Date of Award
Doctor of Philosophy (PhD)
College of Engineering and Computing
Gertrude W. Abramson
Martha M. Snyder
Cordelia R Twomey
With the changing laws and effective integration of assistive technology into the classroom environment, students can have the provision of multiple means to complete their work with greater independence. In post secondary education, any student who discloses a sensory, cognitive, or physical disability is eligible to request and receive assistive technology and other services. When used correctly, assistive technology can help students with reading, writing, math, and communication skills. With a possible influx of students, disability support staff must be prepared and willing to meet the needs and address issues relating to students with disabilities. If their needs are not met, this student population may be left to face accessibility challenges that will hinder their academic success.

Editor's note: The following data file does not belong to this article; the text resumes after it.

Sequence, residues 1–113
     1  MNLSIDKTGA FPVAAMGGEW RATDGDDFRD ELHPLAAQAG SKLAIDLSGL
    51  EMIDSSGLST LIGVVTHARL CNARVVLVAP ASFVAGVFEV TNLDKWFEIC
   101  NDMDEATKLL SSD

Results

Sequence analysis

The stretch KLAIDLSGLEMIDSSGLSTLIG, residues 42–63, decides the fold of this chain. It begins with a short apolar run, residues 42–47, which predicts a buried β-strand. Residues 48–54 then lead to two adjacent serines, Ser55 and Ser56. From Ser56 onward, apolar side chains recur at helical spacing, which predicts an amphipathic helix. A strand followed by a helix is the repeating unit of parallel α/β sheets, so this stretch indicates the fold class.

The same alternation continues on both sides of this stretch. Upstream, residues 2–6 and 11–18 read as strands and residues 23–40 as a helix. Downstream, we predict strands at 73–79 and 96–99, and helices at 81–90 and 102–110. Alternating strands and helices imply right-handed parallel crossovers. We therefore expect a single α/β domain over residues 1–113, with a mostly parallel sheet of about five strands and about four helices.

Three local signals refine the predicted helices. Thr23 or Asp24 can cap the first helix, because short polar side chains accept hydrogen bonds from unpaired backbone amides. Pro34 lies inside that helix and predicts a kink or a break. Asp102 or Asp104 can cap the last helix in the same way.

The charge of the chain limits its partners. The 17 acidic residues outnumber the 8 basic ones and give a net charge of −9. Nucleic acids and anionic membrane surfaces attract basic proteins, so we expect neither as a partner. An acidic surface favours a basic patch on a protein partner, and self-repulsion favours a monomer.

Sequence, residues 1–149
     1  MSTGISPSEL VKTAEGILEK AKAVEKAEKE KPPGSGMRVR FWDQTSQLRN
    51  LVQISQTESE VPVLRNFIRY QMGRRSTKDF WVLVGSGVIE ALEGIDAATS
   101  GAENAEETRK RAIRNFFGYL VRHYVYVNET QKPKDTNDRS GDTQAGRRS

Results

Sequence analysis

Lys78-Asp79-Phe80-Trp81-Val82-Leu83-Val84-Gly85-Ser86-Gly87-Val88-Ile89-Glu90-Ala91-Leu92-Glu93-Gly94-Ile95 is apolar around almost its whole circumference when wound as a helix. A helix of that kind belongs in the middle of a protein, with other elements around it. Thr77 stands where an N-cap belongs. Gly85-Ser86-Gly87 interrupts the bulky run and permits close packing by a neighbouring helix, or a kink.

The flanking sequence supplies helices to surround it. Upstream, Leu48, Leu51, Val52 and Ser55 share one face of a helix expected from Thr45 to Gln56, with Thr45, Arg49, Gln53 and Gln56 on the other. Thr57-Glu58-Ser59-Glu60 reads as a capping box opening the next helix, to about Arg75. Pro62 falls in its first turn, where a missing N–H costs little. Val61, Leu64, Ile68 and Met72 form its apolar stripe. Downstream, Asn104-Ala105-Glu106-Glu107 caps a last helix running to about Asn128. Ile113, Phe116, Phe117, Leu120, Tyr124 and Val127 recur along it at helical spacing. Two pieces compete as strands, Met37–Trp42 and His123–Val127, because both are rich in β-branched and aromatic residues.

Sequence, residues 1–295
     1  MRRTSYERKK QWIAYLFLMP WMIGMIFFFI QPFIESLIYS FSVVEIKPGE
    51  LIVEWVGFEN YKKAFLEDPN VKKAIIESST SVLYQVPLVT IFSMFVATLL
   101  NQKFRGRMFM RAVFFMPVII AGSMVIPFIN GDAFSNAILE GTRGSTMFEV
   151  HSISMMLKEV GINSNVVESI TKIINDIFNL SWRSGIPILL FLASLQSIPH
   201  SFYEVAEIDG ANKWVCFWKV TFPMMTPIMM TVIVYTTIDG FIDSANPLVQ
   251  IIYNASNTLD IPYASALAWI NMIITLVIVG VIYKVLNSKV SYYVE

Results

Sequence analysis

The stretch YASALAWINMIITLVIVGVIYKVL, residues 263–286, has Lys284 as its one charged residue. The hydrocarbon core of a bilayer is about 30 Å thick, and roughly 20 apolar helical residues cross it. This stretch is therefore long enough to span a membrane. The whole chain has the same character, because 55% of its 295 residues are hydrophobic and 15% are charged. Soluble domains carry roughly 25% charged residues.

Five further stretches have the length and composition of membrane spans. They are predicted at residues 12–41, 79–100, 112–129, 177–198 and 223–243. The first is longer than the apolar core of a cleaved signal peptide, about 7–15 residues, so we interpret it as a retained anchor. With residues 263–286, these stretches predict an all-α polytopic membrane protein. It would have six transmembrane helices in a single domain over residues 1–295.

The goal was to make the college experience positive for all students by producing a resource guide for Disability Support Staff (DSS). This was accomplished by conducting an extensive literature review along with collecting data from DSS professionals from various community colleges within North Carolina. Analysis of the data resulted in recommendations on topics including, specific assistive technology solutions according to disability, training for students and faculty along with various outreach activities that can be used to increase awareness of services and accommodations provided by DSS.
Brenda DeLee. 2018. Assistive Technology Guidelines for Higher Education Disability Support Staff. Doctoral dissertation. Nova Southeastern University. Retrieved from NSUWorks, College of Engineering and Computing. (1067)